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Social Distance Cinema: Local theaters offer virtual screenings for couch streamers

J.R. McMillan

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Though there is plenty of pain to go around, no industry has been more fundamentally disrupted than movie theaters, perhaps permanently. Exactly how bad is it? Studios have all but halted production and box office reporting has been suspended. Instead of celebrating their 100-year anniversary, AMC Theatres, the largest chain in the world, is hurtling toward bankruptcy.

No one wants to get into a contest of who has it worse, but when your entire business model is based on hundreds of strangers sitting elbow-to-elbow, there’s just no way to stay open when most of the country has been ordered to stay home.

But Columbus seems to find new ways everyday to get creative in a crisis, and our independent theater community is no exception. Though there is no shortage of content available from an ever-expanding arena of streaming services, watching a story unfold on an enormous screen as part of an audience is as absent as the aroma of fresh, buttered popcorn. Even though we may be a long way from anything approaching what once was, local theaters are finding innovative alternatives to stay connected to their loyal patrons, even if it sometimes feels like we’ve all been cast in a disaster movie.

“The virtual screening room isn’t new. We’ve been offering an on-demand channel as a way for people to see films they may have missed. Curating films supports our mission and also enhances our community,” explained Chris Hamel, president of the Gateway Film Center. “So when we were forced to suspend our normal programming, we just ramped up these opportunities and added our virtual screen.”

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Independent theaters, specifically those that specialize in so-called arthouse features, have always been masters of improvisation without the deep budgets or blockbuster revenues of their mainstream counterparts. Now that notable nimbleness has become an appreciable asset. “Conversations from the Center” was another initiative that required rapid reinvention. The discussion of influential films and industry insights also moved online.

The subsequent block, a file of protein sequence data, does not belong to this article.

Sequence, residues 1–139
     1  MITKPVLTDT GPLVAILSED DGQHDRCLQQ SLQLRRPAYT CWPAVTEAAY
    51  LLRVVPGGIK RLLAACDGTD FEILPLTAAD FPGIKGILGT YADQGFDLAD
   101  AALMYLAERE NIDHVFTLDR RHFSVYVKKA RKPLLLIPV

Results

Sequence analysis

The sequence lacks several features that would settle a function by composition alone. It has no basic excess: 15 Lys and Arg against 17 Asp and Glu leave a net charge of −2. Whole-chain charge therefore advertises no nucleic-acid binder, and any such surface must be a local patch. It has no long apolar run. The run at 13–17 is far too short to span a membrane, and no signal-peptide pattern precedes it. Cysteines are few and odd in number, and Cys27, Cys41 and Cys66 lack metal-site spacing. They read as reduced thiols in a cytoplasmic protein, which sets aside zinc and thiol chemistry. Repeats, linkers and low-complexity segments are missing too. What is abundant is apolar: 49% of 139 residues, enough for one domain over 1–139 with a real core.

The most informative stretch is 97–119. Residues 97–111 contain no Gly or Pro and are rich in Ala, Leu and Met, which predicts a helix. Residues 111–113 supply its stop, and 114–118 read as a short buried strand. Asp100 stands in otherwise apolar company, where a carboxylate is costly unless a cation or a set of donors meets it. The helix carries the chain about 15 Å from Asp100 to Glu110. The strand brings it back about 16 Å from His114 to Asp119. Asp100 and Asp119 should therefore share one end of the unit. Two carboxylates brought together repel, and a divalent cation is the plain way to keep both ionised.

”I think we exceeded our expectations to some degree and we’ve got really great opportunities for the audience to engage moving forward,” Hamel revealed. “It doesn’t replace the cinema experience completely, but it is a nice way for us to continue to engage with our audience.”

For about the price of a typical ticket, you can buy a virtual one through their website, with a comparable percentage of proceeds going back to the theater. The process is a little different depending on the film and the distributor, but is very similar to renting a movie to stream at home with a limited viewing window. Selections aren’t exhaustive, but thoughtfully chosen as always. Features so far have included The Whistlers, a Romanian heist film with more than a hint of the Coen Brothers to the overdue backstory of the breakup of The Band, Once Were Brothers, a fitting bookend to Martin Scorcese’s The Last Waltz. If escape is more your speed, they’ve even offered a fascinating documentary on fungi and a critically-acclaimed collection of cat videos. There really is something for everyone.

“The indie film market was starting to pick back up. In January, we still had Parasite and 1917 and a lot of those films were still very strong and were able to carry through to the Oscars. Our virtual screenings are all films we would have shown anyway,” noted Jeremy Henthorn, theatre director at Drexel Theatre. “Our sci-fi marathon and series are postponed, not cancelled. If there is a bright side to all of this, presuming everyone is able to open by July or August, there will be a lot more options and choices to see later in the year. It’s always good to have something new for audiences.”